Experts at the Cleveland Clinic have successfully treated cancer in dogs, and this could lead to an interesting new strategy on how to fight cancer in people as well.
At the 237th national meeting of the American Chemical Society, Joseph A. Bauer, PhD presented findings, building on more than 60-years of research effort to developing a B12 based attack against cancer.
The story begins with a “miracle dog” by the name of Oscar, a ten year old Bichon Frise who had a very aggressive type of cancer known as anal sac adenocarcinoma.
After being treated with the standard chemotherapy and radiation, with no improvement, poor Oscar was left unable to walk and with about three months to live.
As a last hope, Oscar was given a potentially cancer killing medicine known as nitrosylcobalamin (NO-Cbl for short).
Within 14 days his cancer had improved significantly and he was back on his feet.
This compound has now been given to other dogs with equally promising results and no negative side effects. This drug targets cancer cells like a “Trojan horse”, delivered by being hidden inside something that looks harmless or beneficial.
The medication is made of nitric oxide that’s attached to vitamin B12. Researchers know that receptors on cell surfaces will attract the vitamin and assist it in getting into the cell.
The compound works because cancer cells have extra B12 receptors. Once inside, the nitric oxide is released and the cell dies. Genius, pure genius.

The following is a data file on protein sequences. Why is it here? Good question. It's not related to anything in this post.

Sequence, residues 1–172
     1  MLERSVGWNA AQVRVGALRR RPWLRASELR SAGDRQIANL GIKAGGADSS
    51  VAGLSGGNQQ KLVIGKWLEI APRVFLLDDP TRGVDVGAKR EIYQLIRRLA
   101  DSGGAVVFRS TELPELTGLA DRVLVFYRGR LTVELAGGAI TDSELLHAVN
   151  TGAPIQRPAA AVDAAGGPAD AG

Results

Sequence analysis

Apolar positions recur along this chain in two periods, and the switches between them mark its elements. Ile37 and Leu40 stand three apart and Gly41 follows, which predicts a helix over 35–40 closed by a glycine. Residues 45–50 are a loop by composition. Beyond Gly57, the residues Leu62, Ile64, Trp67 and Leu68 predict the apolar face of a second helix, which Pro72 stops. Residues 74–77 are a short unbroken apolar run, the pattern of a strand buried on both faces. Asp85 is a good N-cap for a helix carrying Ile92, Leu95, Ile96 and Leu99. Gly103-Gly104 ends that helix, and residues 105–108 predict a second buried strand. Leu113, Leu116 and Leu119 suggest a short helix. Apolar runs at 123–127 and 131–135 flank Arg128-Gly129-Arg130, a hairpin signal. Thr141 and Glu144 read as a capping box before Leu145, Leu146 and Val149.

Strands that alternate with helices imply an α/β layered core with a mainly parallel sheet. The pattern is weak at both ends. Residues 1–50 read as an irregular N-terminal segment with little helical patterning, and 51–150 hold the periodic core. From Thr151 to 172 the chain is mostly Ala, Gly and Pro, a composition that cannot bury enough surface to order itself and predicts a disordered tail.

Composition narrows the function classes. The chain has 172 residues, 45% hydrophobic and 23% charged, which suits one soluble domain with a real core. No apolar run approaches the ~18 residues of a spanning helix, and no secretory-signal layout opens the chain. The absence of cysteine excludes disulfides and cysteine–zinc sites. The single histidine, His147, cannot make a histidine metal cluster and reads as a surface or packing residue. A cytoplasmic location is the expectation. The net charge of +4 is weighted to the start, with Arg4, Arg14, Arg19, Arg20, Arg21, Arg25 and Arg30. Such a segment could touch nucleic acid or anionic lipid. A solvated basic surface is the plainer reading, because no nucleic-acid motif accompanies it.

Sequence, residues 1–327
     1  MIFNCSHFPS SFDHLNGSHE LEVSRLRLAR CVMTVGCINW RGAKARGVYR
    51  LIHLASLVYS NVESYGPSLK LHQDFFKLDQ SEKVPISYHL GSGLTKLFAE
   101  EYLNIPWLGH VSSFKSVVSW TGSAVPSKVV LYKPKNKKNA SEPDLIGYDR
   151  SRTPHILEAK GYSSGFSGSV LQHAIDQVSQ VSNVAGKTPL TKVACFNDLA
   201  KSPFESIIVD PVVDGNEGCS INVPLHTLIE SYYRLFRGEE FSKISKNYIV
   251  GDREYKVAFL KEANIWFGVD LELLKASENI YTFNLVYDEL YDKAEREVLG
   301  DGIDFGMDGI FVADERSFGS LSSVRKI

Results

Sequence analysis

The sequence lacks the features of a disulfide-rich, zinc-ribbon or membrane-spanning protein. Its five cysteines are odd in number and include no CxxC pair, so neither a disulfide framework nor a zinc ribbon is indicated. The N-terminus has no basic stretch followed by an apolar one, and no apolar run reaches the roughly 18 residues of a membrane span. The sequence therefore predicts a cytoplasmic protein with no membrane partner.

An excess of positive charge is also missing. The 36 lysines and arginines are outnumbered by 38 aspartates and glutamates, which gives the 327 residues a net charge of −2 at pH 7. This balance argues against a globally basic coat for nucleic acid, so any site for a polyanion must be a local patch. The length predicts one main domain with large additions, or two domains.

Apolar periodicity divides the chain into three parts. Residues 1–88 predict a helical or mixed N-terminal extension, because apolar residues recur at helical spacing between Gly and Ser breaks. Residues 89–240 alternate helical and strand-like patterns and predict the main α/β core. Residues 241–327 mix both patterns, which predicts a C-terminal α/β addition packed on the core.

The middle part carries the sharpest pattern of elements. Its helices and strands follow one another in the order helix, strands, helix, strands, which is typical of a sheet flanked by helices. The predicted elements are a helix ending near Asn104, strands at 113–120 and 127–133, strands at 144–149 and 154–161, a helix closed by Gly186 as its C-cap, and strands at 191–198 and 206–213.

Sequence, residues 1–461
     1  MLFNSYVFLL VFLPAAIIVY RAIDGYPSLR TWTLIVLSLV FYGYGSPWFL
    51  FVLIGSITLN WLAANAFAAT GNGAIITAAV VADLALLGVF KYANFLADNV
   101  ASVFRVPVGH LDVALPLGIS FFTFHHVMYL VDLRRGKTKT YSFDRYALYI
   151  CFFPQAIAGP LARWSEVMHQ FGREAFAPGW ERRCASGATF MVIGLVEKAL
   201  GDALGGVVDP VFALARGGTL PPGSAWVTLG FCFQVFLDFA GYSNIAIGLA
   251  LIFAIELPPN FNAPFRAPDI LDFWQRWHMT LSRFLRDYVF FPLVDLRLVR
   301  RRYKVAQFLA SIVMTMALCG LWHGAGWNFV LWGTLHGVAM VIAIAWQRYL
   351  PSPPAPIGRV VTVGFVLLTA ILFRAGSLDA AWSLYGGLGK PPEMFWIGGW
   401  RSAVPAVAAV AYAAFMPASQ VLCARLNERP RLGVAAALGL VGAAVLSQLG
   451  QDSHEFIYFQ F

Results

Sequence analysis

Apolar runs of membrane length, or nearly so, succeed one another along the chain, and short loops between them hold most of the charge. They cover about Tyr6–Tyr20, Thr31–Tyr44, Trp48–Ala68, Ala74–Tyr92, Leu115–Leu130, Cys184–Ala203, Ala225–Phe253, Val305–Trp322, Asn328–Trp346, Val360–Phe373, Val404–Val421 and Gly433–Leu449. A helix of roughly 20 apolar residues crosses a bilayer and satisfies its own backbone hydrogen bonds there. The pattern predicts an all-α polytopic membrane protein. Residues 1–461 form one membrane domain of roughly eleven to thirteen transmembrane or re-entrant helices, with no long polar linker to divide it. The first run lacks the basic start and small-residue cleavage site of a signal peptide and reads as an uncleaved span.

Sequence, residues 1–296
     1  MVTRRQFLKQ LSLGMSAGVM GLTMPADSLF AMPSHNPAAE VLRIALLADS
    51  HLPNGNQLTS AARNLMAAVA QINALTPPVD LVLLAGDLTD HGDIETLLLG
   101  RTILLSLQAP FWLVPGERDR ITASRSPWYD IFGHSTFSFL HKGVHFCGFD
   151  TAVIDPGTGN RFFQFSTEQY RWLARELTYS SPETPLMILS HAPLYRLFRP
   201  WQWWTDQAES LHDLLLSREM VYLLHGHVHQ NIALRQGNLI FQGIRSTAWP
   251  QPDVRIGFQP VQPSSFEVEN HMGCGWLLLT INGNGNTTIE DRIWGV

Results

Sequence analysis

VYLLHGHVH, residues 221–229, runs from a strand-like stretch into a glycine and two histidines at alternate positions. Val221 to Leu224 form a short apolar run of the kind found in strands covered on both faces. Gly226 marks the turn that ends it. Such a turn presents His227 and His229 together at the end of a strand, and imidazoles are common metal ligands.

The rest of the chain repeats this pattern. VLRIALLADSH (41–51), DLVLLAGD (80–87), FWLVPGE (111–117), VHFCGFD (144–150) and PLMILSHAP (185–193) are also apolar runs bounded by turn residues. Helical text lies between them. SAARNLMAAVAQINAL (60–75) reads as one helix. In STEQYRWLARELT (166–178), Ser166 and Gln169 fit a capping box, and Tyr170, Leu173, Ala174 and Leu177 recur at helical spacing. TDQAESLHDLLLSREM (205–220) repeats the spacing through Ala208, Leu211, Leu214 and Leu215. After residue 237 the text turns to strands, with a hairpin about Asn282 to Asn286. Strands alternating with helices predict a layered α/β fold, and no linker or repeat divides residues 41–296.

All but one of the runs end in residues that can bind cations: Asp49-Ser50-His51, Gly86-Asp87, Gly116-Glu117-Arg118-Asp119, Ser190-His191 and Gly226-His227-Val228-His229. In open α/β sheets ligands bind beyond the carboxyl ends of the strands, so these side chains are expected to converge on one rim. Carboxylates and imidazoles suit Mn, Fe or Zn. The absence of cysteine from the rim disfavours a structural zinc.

Bauer’s and his team is ultrasound and MRI imaging to monitor tumor sizes in all three of the dogs currently undergoing treatment.
After 9 months of NO-Cbl the spinal tumor of a 6 year old golden retriever, Buddy, has been shrunk by 40%, and the thyroid cancer of a 13 year old female giant schnauzer has shrunk by 77% in just ten weeks of treatment.
A fourth dog, Haley, also a golden retriever, is being treated for a spinal tumor. And once the team treated ten dogs successfully with the drug, they’ll attempt to get FDA approval to test the medication in people.
Bauer believes firmly that what works in these animals holds promise for treating their owners as well. Despite what you might think, mice aren’t the only good subjects to use for such research.
He points out that people and dogs are genetically similar – Similar to make a case for approval from the FDA.
Interesting to know that the National Cancer Institute collects data on pets, which makes sense if you think about it.
After all, they breathe the same air as we do; drink the same water as we do and eat processed foods just as we do.
“We are one of the few research groups that is offering to treat dogs with cancer that otherwise have no hope,” Bauer makes clear. “With no other options available, most people in this situation opt to euthanize so that their pets don’t go through the pain of disease and trauma of surgery.”
The good news for dog owners is that this treatment also offers hope for a faithful friend who may be one of the estimated 6 million dogs in the U.S. alone diagnosed with cancer each year.
It’s a rare thing for research to uncover a treatment that can be used for animals, and may realistically hold promise for people on how to fight cancer.